During our soccer season this fall, we had an earthquake, a hurricane and a blizzard. And no, those weren’t the names of opposing teams. It was just soccer season in New Jersey this year.
God, I miss it. Even the kitty litter.
As the assistant coach of my son’s U-13 soccer team, I have stood in the muddy puddle also known as “the corner of our home soccer field,” raking sand and kitty litter to make the field playable. Just me and the men, who are fellow coaches and fathers with leafblowers, all of us trying to dry out a rain- and snow-soaked field before the referee showed up to inspect it. Every single time, the ref declared, “Play on.”
I spent much of the season wearing long underwear under my jeans, and just in case, I kept my purple down winter jacket in the car starting in September, when we played under the lights in northwestern New Jersey during the season’s first frost warning. I stocked my soccer bag with toe warmers and an umbrella, and I kept towels and blankets next to the bag of soccer balls that would roll around my car on turns between games all week long.
I didn’t mind.
Here is where I am supposed to go on about how the kid who had troubles shooting and then became our top scorer blah, blah, blah. But that’s not really it. It isn’t really why I love to coach soccer, because coaching is more than what happens on the field. It’s what happens when you’ve got an iPod hooked up to your car’s speakers, a car full of players and rush hour traffic on the way home from a previously snowed-out game, which was stuffed into a hole in our busy schedule.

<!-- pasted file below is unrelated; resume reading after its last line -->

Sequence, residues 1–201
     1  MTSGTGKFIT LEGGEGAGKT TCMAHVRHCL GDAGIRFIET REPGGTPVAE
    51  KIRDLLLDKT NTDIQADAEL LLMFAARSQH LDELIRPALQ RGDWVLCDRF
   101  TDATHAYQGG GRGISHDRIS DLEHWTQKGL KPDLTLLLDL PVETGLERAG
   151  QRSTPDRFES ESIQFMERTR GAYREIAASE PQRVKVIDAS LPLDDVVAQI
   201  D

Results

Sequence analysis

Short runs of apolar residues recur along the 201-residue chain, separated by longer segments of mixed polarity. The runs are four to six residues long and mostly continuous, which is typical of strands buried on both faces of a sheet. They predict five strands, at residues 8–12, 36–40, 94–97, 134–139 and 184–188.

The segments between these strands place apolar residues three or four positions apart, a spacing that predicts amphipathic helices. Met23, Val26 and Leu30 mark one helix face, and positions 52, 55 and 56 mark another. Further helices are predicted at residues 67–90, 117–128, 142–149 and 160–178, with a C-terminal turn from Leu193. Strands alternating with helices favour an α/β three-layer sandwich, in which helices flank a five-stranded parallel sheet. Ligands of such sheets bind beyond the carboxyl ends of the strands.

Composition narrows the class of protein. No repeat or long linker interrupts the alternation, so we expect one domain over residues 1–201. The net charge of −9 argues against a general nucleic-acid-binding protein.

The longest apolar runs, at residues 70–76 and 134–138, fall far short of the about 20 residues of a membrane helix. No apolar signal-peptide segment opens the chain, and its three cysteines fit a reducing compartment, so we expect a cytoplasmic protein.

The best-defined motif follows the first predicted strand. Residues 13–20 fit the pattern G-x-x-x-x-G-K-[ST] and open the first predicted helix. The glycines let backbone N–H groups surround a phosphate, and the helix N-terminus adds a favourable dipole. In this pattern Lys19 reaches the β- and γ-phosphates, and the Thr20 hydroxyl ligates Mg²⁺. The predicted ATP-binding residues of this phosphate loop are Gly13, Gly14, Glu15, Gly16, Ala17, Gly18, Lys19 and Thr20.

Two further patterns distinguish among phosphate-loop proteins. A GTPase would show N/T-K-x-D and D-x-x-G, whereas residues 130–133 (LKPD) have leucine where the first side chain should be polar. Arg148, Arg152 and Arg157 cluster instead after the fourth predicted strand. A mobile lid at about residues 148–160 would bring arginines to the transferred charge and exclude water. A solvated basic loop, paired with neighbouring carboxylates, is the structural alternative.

The kids in my car wanted to hear some rap, so I cued up what I could find on my iPod. They rolled down their windows, even though we were still defrosting from the game, and I turned up the song as we sat in bumper-to-bumper traffic. Which is how the commuters on New Jersey’s Route 280 that Friday evening got to see (and hear) a middle-aged white suburban mom, an African American 12-year-old who looks 16 and three blond boys in the back seat bopping our heads in sync along to Beck’s “Que Onda Guero.”
I have never managed to get grown-ups to do this with me. Grown-ups have places to go. They have rush hour traffic ahead and dinner to think about. They have to plan the rest of the weekend and stop for milk and get gas and wash the soccer uniforms for the game the very next day.
They don’t have the giggles and the beat and the “vegetable man in the vegetable van” lyrics to share with each other. They don’t have people smiling at them from other cars, and they don’t spend dinner in a pizza parlor replacing the first letter of every word with the letter “B,” thus making me Boach Ben Binger. (Lucky for me, no one was named “Mitch.”)
I miss the soccer, but most of all, I miss the team. Without them, I am just another grown-up with milk to buy and dinner to think about and a purple down winter coat abandoned in the back of my car.